Fed. R. Civ. P. 8(c).......................................................................................... 26
154 Cong. Rec. H6067 (2008).................................................................. 21, 28
154 Cong. Rec. S8841 (daily ed. Sept. 16, 2008)........................................... 12
EEOC, Enforcement Guidance: Preemployment Disability-Related Questions and Medical Examinations (Oct. 10, 1995)....................................................... 25
H.R. Rep. 110-730, pt. 1 (2008)......................................................... 11, 24, 27
Kaiser Family Foundation, HIV/AIDS at 30: A Public Opinion Perspective (June 2011)................................................................................................................... 24
Kevin Barry, Toward Universalism: What the ADA Amendments Act Can Do and Can’t Do for Disability Rights, 31 Berkeley J. Emp. & Lab. L. 203 (2010).... 26, 27
Congress has charged the Equal Employment Opportunity Commission with administering, interpreting, and enforcing Title I of the Americans with Disabilities Act of 1990 (ADA), 42 U.S.C. 12101 et seq.
This case is among the first to construe the ADA as recently amended by the Americans with Disabilities Act Amendments Act of 2008 (ADAAA), Pub. L. 110-325, 122 Stat. 3553 (2008). Given that and because this case raises important questions under the amended ADA, the EEOC offers its views. Specifically, this case raises three important questions: (1) Whether the ADAAA’s modified “regarded as” prong, which proscribes discrimination because of a physical impairment, is violated when an employer terminates an individual because of a consequence of an impairment; (2) Whether such an employer must have knowledge of the specific degree of limitations the impairment causes before it can be held liable under the ADAAA or whether knowledge that the consequence is caused by an impairment is sufficient; and (3) Whether the transitory and minor exception to the “regarded as” prong requires the plaintiff to demonstrate that the employer subjectively believed that the impairment was neither transitory nor minor or whether the employer bears the burden of demonstrating that the impairment is objectively both transitory and minor. The EEOC files this brief pursuant to Rule 29(a) of the Federal Rules of Appellate Procedure.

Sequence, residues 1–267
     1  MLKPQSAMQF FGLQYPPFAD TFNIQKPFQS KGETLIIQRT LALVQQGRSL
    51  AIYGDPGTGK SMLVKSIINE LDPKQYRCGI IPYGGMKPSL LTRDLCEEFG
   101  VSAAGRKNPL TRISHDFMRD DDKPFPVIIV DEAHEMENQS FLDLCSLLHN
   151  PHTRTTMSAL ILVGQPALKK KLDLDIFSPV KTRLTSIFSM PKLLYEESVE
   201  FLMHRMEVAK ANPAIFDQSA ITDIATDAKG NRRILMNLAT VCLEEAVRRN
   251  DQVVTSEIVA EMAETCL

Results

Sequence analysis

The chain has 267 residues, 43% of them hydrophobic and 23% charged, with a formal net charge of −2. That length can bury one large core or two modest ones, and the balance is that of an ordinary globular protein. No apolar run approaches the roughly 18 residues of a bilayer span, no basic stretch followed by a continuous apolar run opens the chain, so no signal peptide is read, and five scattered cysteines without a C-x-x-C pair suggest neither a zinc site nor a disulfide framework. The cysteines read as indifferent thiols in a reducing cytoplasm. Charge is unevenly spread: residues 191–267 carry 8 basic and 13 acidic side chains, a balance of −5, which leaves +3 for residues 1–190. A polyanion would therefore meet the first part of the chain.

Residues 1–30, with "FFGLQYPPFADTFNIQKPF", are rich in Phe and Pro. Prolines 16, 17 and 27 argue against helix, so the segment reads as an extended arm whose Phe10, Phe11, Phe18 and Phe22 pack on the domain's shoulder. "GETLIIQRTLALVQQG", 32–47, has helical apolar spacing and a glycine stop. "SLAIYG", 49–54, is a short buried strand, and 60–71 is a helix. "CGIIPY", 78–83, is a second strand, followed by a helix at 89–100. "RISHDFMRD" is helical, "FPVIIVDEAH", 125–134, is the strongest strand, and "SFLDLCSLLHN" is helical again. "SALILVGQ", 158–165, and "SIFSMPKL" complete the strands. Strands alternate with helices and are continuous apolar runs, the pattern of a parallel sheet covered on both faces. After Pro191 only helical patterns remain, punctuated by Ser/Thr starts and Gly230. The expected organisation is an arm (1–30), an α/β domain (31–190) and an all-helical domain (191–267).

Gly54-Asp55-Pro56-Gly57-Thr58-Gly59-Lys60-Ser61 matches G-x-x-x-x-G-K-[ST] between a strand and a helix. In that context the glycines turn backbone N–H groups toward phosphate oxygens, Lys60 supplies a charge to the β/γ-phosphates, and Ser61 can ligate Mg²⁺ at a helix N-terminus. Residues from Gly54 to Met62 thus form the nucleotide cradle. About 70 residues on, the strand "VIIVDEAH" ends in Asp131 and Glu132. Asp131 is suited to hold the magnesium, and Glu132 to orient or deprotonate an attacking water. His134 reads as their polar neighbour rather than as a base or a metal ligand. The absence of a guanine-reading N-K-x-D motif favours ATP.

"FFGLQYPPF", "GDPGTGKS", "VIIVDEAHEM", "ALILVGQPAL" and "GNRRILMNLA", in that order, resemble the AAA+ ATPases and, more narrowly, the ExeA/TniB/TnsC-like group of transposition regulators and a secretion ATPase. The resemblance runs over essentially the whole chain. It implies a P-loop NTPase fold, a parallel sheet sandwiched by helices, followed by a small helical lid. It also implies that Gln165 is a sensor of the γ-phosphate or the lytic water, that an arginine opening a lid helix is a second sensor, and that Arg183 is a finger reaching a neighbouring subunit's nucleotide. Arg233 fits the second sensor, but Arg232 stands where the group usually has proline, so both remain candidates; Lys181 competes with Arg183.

Terminating an employee for a physical impairment is disability discrimination under the ADA Amendments Act of 2008 (ADAAA). This Court, as have others, has also recognized that firing someone for the consequences of a disability violates the ADA. Bailey takes medication for his HIV, which caused a false positive for illegal drugs on a workplace drug test. Bailey repeatedly told Select Staffing that the false positive was caused by the medication, but it fired him anyway. Could a reasonable jury conclude that Bailey’s termination violated the ADAAA?
This is an appeal from an award of summary judgment on an ADAAA claim in favor of Select Staffing.
Real Time Staffing Services operates a temporary staffing agency under the name Select Staffing, which provides temporary workers to client companies. R.27-2 (Def. Facts), PageID 90; R.33 (Bailey Response to Def. Facts), PageID 347. Gaylus Bailey began working for Select Staffing out of its Memphis office sometime between 2005 and 2007. Id. In 2006, he was diagnosed with HIV, but did not tell Select Staffing. R.27-2 (Def. Facts), PageID 91; R.33 (Bailey Response to Def. Facts), PageID 348.
In December 2009, Select Staffing assigned Bailey to work at Sergeant’s Pet Care Products. R.27-2 (Def. Facts), PageID 91; R.33 (Bailey Response to Def. Facts), PageID 349. There, he worked in shipping and receiving—loading and unloading trucks, and operating a forklift, which he had learned to do while serving in the military. R.27-3 (Bailey Dep.), PageID 108–09. His on-site supervisor considered him a “good worker.” R.32-5 (Bailey Dep.), PageID 220.
Sergeant’s had a “drug-free workplace” policy, which dictated, among other things, that temporary workers like Bailey would be terminated if they failed a drug test. R.27-2 (Def. Facts), PageID 93. On March 11, 2010, Sergeant’s conducted a random drug test of all of its employees and the Select Staffing temporary workers, including Bailey. R.33 (Bailey Response to Def. Facts), PageID 349.
Thirty minutes after the test, Bailey was told that he had tested positive for cannabinoid. R.32-5 (Bailey Dep.), PageID 221. A Human Resources Manager at Sergeant’s along with a person from Select Staffing—whom Bailey did not know—told him to leave the premises. Id. PageID 221–22. The Sergeant’s HR manager told Bailey that a medical review officer from the testing company would contact him within 72 hours. Id. PageID 222.
Bailey left and immediately went to his treating physician, who gave him a letter, dated March 11, 2010, that explained that Bailey was taking prescription medicine that “may cause a positive drug screen.” R.32-3 (March 11 medical note), PageID 213. The letter further requested that should the company have any further questions, it should contact Bailey’s treating medical office. Id.